One of the dangers here is that a high-level character just entering into the Silver Scale may find the monetary scale laughable – having collected, let’s say, 50k in gold pieces, what do they care about laying out 50 SB to blow away their problems? The good news is, the DM just gave that high-level character a way to turn money into coolness to solve a problem, and more problems will come along in due course. This is assuming the DM and player don’t just want the character to buy their way directly into a higher Scale.
In the long term, I want players to have a lot of ways to improve their domains. I think we all know that 5e is thin on ways to spend piles of cash at mid-to-high-levels, but D&D fundamentally works better if cash is interesting to the players. At the same time, I don’t want players who take on a domain to feel like it’s an endless money sink; I own a home already, I can get that kind of abuse for free! I want it to feel mostly self-sustaining, with some good chances for being cash-flow-positive. Going on the offensive or expanding your territory should almost always cost piles of money. I considered using expended cash as an XP track for leveling up to higher scales, but for now I’ve set that idea aside.
Most of the rest of this post is raw brainstorming notes, and some of what I’m saying may be less than obvious. Feel free to ask.
- District in a city
- Village or town
- A trading company
- A castle or wilderness stronghold
- A temple, abbey, or monastery
- A wizard’s tower
- A nomadic tribe
- String of forts: Barony, County, Duchy, or Province
- Kingdom, Empire
- Thief-Principate (i.e., Grandfather of Thieves on a kingdom-wide scale; the Old Man of the Mountain)
- Faith, Papacy
- What do you buy within a tier? Since the core is about giving PCs a ton of ways to spend money, this needs to be extensive.
- How do you advance up the scale?
- How do you gain money from your holdings?
- Each holding gets an action and a bonus action in every round. You can only gain cash once per round. Not all holdings can make money off of action or bonus action.
- How is maintenance determined and paid?
- How much time is one domain action? 1 month.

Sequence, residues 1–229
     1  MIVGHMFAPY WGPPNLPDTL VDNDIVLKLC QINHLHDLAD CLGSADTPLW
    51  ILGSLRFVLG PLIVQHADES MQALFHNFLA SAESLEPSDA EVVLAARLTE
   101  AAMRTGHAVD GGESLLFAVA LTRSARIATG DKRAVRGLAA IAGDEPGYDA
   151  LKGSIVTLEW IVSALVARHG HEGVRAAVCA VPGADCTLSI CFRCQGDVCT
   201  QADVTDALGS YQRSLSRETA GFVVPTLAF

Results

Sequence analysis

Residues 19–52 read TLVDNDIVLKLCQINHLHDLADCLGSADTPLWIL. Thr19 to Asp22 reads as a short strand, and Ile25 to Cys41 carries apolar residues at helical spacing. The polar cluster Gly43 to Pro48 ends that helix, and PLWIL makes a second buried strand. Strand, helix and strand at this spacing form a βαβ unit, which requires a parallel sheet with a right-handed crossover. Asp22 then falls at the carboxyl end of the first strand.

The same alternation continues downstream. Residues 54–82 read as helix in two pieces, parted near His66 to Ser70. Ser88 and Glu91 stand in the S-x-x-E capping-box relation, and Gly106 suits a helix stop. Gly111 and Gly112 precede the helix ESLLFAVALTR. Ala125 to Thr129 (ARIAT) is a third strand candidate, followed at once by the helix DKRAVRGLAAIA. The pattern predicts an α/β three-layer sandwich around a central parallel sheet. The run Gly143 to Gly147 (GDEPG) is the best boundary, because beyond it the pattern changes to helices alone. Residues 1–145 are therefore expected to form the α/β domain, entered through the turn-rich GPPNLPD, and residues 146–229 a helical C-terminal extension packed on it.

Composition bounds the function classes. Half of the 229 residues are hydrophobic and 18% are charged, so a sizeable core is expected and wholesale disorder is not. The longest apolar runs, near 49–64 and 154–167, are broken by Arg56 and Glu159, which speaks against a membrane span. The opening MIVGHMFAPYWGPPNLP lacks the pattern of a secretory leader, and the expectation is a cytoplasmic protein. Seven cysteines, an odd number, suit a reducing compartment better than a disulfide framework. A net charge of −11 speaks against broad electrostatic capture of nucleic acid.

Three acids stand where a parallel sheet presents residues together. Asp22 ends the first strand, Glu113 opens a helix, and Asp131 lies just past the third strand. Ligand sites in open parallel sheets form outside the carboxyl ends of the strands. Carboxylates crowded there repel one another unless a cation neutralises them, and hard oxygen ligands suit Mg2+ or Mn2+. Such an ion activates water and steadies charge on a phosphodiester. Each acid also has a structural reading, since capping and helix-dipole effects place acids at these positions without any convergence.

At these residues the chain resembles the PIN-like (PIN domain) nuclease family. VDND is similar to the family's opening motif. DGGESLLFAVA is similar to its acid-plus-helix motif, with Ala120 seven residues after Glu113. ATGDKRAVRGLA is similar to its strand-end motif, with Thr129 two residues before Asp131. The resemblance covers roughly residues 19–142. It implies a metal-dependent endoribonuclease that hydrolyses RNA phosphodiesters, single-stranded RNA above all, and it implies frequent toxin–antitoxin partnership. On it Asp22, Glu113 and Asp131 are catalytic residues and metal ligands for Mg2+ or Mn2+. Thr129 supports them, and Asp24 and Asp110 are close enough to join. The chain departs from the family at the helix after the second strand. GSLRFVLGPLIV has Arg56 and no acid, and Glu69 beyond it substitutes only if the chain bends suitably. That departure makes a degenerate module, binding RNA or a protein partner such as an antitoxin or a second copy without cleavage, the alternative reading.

- Does the system have a clear way to guide conflict and internal management for NPC domains?
- Does this system explicitly handle mass combat? Army logistics? (10 -> 100 -> 1000 warriors)
Districts in a City
In this section I’m breaking down all of the likely districts in a city, and going further into what the general, gameable functions of those districts might be. It’s Step One in determining the features that they grant you. I haven’t continued with this approach into Gold and Platinum Scales yet, just because I want to think more about how this is going to play.
- Thievery, Piracy
- High society contacts
- Administrative (but really, if you’re running this district, you’re probably running the whole city)
- Courts (honest, dishonest)
- Public record lore
- Guards (honest, dishonest)
- Magic item creation
- Relic trade
- Animals (travel, etc.)
- Contact with travelers (caravanserai)
- Magic item creation
- Spell creation
- Affordable political support
- Undercity, sewers
Moving on into other Silver Scale holdings, I am not drilling down to game function, but just mapping out the different types of each holding. There probably isn’t a huge difference between a Logging Village and a Mining Village in what it lets you do or stops others from doing to you, because I don’t think tabletop play truly benefits from a Catan-like approach to commodities. On the other hand, a town probably can’t suffer a shortage of what it produces as long as it is producing, which might key into things that opponents try to do to you. I anticipate drawing a fair amount of inspiration from the Hardholder, the Hocus, and other Apocalypse World playbooks; likewise from a 4e domain rulership system that a friend of mine wrote.
Villages and Towns:
- Religious (Pilgrimage Destination)
- Nearly Abandoned or Ruined
Fortifications and Wilderness Strongholds:
- Trading Outpost
- Religious Site
- Pilgrimage Destination
- Place of Power (e.g., some sort of henge)
- Place of Power (e.g., planar junction)
That’s where I am with this for now. If you have thoughts on this, I’m happy to hear them, but please understand if I don’t want anyone to take this and run with it in their own direction right now. If you love this so much that you want to collaborate on it (unlikely as that may be at this early stage), wait for me to get a few more posts in. Just in case you want such a thing, the Tip Jar is a great way to demonstrate enthusiasm in a way to rearrange my creative priorities.